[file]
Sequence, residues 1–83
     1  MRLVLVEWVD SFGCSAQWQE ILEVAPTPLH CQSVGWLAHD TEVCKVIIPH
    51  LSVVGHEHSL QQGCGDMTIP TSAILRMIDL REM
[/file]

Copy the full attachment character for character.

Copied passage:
Sequence, residues 1–83
     1  MRLVLVEWVD SFGCSAQWQE ILEVAPTPLH CQSVGWLAHD TEVCKVIIPH
    51  LSVVGHEHSL QQGCGDMTIP TSAILRMIDL REM